A few years later, I was journaling in my room alone with God, when all of a sudden I randomly had the thought that I should share what I had written down during the Chi Alpha group meeting that night. Every week during the worship time at Chi Alpha, the worship leader invites students up to share if there's anything that God has put on their heart. I had never done it, and quite honestly, hoped I never would. Public speaking in any form has always terrified me. And yet when I got this impression from God to share, I knew that's what I had to do. I tried to make excuses, but I also knew that I would regret not obeying the nudging.

And so that night I went up to the front and took hold of the microphone. I read the scripture, shaky voice and all, and somehow managed to share everything I felt I needed to share without notes. I don't know whether or not my words made a difference in someone's life that night, but my biggest satisfaction was in knowing that I had been obedient to what God had called me to do at that time.

Since then, there has only been one other time that God has nudged me to share something at a weekly Chi Alpha meeting. But He has stretched me in trusting Him in more other ways than I can count. When I graduated from college, I struggled to find a job before I found a nanny job with long hours and low pay. When the kids were getting ready to go back to school, I struggled again to find consistent work. It was then that God provided me with a job at exactly the right time, and in the type of place that I had been hoping for. A few months later, I went to World Missions Summit, an event I had been looking forward to for nearly four years, ever since I had any idea what it even was. It was there that God called me to do the internship. Naturally, I assumed that I would be going back to Central Washington University. When I found out that, no, that's not where I would be headed, I was devastated. And yet that's what God used to bring me to DC. I'm still not sure how God convinced me to move across the country, but all I know is that He is the one who made it happen. I still have no idea how all that support came in as I struggled to raise such a high budget my first time going into ministry. Somehow He did. And now that I'm here, I'm amazed at how fast I have been able to adjust. There are definitely still things that frustrate me and confuse me about this campus and this type of ministry, but that's okay. God is showing me how much He loves these students and how desperately He desires for them to love Him too. And somehow, I trust that He is using me in the lives of others, even when I might not see it. All that I can really do is keep trusting Him, praying that He will give me a trust in Him that is without borders.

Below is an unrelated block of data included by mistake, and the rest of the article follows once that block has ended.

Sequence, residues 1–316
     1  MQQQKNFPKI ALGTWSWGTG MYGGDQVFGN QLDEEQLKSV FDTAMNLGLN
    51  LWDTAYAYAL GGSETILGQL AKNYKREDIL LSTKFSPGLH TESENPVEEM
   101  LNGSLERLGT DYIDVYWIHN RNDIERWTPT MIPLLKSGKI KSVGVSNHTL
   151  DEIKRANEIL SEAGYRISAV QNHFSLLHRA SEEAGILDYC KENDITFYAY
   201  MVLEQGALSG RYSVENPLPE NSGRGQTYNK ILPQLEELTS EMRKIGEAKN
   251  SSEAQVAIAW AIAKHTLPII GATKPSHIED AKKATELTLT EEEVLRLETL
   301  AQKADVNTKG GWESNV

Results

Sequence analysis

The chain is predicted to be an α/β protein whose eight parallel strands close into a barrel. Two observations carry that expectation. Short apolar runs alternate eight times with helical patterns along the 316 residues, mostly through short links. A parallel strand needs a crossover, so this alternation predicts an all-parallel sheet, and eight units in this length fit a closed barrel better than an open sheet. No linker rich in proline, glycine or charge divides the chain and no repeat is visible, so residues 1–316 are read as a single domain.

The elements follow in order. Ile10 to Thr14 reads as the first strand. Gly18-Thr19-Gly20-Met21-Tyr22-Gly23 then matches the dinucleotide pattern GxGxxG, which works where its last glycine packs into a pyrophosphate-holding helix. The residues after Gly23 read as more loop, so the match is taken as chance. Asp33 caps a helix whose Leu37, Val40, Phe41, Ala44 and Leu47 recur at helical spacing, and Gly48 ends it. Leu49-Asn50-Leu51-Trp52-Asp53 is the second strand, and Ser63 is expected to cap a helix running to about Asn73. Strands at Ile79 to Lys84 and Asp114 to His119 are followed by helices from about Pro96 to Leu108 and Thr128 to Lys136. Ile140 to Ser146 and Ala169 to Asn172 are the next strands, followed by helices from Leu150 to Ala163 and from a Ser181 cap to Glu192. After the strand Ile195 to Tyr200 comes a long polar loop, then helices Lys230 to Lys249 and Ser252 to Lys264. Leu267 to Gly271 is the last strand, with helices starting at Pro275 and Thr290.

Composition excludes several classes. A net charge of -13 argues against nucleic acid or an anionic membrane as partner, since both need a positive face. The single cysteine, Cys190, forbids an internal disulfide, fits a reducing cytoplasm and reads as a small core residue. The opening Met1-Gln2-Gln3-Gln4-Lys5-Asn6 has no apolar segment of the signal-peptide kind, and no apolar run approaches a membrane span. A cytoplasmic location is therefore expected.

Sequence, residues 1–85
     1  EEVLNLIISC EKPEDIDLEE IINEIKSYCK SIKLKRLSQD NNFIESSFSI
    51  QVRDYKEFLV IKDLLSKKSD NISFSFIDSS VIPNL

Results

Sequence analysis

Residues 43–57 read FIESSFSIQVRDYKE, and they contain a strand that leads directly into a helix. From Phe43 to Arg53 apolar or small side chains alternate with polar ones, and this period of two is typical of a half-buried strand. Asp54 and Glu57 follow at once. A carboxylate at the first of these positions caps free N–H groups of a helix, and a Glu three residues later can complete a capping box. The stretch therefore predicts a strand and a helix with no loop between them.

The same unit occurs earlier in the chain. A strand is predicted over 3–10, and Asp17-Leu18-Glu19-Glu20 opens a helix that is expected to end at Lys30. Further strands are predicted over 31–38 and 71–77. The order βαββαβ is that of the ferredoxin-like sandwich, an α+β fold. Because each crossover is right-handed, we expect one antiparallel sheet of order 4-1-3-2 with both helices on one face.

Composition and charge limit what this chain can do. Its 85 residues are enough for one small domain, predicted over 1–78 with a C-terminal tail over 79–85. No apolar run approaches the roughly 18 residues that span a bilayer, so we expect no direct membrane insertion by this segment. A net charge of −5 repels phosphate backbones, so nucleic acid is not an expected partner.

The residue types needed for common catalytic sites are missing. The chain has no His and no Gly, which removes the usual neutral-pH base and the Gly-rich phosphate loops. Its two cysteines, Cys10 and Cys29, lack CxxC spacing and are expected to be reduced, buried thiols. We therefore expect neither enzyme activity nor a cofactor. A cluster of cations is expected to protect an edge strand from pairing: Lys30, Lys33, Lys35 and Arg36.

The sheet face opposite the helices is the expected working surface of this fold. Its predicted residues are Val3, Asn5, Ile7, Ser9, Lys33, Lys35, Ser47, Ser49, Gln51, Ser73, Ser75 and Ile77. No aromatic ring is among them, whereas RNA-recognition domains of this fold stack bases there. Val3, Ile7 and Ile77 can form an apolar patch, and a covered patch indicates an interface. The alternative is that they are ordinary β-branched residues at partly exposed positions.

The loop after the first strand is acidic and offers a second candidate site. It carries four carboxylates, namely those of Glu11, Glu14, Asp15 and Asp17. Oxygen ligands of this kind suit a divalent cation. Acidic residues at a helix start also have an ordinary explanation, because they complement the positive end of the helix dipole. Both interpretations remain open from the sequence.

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AuthorBlane Young
CategoriesInterns